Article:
January 28, 2008

Rosalind Cook, Cornell Cooperative Extension (CCE) of Jefferson County, 315-788-8450
Laurie Davis, Adirondack Harvest, CCE of Essex County, 518-962-4810
Bernadette Logozar, CCE of Franklin County, 518-483-7403

State Specialist to Speak on Going Organic on Farms in NNY February 25-27

When New York State Agriculture Commissioner Patrick Hooker announced the hiring of Organic Agriculture Specialist Sarah Johnston, he said her job is to help farmers statewide �take advantage of the expanding consumer demand for organic foods.� Johnston will keynote �Going Organic in the North Country� presentations to be held in Essex County on February 25, in Franklin County February 26, and in Jefferson County February 27.

Johnston, who formerly served as executive director of Northeast Organic Faming Association of New York and an environmental policy assistant with State Attorney Robert Abrams (1987-1996), will speak on the unique opportunities and challenges for organic producers and the factors driving consumer interest in organic products.

Local farmers producing vegetables, fruits, maple syrup, and poultry, and those working toward certification, will share their experiences as certified and �almost� organic farmers as part of the free programs organized by Cornell Cooperative Extension. They will share production, packaging and marketing tips.

Johnston says the number of certified organic producers in New York State nearly doubled from 374 at the end of 2004 to 736 at the end of 2007, based on information provided to the state by Northeast Organic Faming Association of New York (NOFA-NY) and other certifying organizations.

The NOFA NY website states that �the use of synthetic chemical fertilizers and pesticides are prohibited in certified organic production.� It further notes that �plant disease and pests are controlled through the use of crop rotations, resistant varieties, cultivation, biological pest controls and botanical controls, and that Animal health is maintained with wholesome food, adequate shelter, access to the outdoors and preventive health plans.�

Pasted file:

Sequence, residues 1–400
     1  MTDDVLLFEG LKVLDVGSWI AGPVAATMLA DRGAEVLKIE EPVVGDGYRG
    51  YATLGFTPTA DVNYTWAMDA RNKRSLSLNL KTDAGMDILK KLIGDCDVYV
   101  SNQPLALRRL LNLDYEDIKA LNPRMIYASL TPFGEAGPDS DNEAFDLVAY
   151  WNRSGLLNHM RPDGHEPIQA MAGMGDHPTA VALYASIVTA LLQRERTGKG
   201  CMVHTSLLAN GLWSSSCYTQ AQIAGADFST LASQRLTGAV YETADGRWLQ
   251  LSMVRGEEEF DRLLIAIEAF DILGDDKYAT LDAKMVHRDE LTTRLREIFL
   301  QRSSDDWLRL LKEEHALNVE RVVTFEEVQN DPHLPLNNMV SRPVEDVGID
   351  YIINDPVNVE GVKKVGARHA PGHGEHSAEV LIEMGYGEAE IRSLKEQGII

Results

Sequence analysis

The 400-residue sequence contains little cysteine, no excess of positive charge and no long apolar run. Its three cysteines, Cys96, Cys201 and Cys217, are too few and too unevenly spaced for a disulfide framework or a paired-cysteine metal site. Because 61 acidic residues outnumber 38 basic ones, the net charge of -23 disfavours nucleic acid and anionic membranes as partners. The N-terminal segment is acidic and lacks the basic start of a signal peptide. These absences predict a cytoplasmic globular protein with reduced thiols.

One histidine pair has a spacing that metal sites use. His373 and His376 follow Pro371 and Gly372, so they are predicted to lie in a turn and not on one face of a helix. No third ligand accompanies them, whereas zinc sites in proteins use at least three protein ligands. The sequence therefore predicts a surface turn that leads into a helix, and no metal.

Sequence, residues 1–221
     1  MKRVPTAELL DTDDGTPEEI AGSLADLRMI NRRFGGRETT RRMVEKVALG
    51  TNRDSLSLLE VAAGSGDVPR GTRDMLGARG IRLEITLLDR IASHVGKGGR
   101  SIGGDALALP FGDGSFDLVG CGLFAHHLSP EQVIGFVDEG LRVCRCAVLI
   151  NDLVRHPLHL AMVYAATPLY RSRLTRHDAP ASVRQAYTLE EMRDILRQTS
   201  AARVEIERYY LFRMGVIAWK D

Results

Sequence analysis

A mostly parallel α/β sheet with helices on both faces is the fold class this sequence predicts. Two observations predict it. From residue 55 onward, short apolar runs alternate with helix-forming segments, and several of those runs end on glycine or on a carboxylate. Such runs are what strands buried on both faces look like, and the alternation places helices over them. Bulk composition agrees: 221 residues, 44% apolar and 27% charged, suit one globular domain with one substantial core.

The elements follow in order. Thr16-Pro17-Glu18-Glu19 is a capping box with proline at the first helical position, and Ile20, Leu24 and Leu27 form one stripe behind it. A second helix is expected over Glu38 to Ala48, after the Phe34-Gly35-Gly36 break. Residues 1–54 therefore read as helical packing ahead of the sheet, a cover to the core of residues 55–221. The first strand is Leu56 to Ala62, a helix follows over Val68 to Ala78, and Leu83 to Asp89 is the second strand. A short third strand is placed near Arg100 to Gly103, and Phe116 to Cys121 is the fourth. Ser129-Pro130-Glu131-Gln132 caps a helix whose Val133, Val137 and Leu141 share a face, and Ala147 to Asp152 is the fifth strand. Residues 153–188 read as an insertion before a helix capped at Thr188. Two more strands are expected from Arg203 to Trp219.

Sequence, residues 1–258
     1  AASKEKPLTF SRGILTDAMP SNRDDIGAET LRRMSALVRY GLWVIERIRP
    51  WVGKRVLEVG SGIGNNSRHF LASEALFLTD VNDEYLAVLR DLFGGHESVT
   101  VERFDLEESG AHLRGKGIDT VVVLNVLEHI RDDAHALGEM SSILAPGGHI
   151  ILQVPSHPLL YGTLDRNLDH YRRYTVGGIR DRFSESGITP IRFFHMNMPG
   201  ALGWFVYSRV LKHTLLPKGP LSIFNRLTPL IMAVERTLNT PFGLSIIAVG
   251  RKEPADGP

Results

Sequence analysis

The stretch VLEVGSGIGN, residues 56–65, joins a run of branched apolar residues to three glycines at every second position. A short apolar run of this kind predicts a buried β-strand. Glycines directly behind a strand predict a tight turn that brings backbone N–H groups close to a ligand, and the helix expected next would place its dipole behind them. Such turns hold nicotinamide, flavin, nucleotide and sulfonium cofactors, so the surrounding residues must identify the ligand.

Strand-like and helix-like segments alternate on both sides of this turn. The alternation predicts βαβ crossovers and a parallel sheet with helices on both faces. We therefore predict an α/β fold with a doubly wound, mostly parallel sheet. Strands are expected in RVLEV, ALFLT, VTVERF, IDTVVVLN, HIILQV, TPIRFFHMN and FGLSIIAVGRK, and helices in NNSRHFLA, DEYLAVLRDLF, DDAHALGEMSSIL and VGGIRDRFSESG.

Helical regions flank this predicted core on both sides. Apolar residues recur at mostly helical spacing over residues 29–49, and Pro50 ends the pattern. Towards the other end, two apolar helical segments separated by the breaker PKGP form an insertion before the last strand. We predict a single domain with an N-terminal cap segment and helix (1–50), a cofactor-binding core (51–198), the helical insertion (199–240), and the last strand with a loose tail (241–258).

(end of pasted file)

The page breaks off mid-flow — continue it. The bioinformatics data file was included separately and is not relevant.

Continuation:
The Current State of Organic Farming in NNY
�Efforts across the North Country and statewide from organic crop trials at the Cornell E. V. Baker Agricultural Research Farm in Willsboro to on-farm organic corn and soybean trials are all building a foundation that will reduce the risk and make organic production a more certain agricultural business opportunity,� Johnston says.

One example of the potential for organic production is with small grains. Johnston says the Green Market organizers in New York City had to postpone asking their breadmaking vendors to source their grains from organic growers in New York State, because a large enough supply does not yet exist. Champlain Valley Milling in Westport, NY (Essex County) purchases and processes winter wheat organically grown in the region and buys in grains from outside New York State to make flours.

�Hay, corn and small grains may be viable options for farmers who are interested in selling directly to certified organic dairy, poultry and livestock farmers, who must feed their animals a strict organic diet and are currently purchasing product from outside the area,� Johnston says.

Johnston will also speak about the various markets open to organic producers, including food manufacturers already sourcing New York products, and the organic marketing initiatives of the New York State Department of Agriculture and Markets. There will also be time for Q&A.

The February 25th program in Essex County will be held from 6-9 pm at the Cornell Cooperative Extension office in Westport. The February 26th program in Franklin County will be held from 6-9 pm at North Country Community College, Room 111, in Malone. The February 27th program in Jefferson County will be held from 1-4 pm at the Cornell Cooperative Extension office in Watertown.

For more information on the free programs, contact Cornell Cooperative Extension of Essex (518-962-4810), Franklin (518-483-7403) or Jefferson County (315-788-8450). These meetings are made possible by Cornell Cooperative Extension with support from the Northern New York Agricultural Development Program (nnyagdev.org). # # #